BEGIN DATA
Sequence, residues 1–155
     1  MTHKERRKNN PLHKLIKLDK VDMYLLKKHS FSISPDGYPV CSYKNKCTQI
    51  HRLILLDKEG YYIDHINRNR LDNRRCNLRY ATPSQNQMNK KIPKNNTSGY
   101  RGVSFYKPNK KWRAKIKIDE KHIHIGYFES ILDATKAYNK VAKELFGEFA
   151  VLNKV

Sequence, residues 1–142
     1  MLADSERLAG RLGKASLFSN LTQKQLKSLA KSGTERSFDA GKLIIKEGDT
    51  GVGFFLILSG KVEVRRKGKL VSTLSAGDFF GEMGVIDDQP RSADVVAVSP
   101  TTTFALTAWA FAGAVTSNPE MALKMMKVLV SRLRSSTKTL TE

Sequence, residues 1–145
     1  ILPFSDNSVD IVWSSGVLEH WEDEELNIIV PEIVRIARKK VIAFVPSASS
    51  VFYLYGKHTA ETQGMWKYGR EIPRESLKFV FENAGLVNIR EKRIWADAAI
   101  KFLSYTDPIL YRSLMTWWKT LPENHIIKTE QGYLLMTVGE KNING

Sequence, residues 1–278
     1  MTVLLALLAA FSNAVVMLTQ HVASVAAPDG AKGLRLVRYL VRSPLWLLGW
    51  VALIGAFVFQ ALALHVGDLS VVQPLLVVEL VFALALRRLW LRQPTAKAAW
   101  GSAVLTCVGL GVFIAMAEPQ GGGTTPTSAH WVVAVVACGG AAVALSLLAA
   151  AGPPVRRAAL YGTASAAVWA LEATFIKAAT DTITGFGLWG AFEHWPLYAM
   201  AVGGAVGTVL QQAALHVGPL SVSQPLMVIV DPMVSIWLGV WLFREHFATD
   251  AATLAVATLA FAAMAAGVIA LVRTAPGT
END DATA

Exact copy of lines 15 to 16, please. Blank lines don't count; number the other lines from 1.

     1  MTVLLALLAA FSNAVVMLTQ HVASVAAPDG AKGLRLVRYL VRSPLWLLGW
    51  VALIGAFVFQ ALALHVGDLS VVQPLLVVEL VFALALRRLW LRQPTAKAAW